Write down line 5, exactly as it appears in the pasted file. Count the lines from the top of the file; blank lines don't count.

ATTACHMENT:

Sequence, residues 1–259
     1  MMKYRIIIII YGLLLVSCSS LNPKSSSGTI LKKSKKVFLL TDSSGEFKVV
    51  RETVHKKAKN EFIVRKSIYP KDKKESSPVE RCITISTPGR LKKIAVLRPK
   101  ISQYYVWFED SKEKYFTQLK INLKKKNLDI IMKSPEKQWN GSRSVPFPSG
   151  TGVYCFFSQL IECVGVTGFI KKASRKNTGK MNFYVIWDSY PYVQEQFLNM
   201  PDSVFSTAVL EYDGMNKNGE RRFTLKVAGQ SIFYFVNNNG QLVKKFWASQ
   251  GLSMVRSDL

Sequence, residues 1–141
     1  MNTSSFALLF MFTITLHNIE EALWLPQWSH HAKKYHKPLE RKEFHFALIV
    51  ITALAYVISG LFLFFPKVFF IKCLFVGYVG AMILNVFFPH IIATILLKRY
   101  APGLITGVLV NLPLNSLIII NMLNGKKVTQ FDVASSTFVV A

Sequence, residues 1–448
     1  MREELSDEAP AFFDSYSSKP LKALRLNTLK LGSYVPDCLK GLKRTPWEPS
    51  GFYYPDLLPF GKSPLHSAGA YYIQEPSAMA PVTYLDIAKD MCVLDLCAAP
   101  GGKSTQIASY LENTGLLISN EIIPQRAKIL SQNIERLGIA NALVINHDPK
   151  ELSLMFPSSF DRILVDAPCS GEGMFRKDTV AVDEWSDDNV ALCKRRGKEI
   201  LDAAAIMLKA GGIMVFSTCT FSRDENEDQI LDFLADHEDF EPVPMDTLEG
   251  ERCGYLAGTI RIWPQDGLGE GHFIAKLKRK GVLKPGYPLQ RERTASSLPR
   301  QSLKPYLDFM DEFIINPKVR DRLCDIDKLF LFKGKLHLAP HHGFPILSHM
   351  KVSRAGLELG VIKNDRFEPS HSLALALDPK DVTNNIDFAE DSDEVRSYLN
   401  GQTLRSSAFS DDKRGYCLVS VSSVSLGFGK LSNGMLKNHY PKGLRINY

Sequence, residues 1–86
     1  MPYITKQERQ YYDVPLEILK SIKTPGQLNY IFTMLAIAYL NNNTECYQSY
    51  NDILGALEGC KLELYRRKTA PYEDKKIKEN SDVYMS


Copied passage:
   151  TGVYCFFSQL IECVGVTGFI KKASRKNTGK MNFYVIWDSY PYVQEQFLNM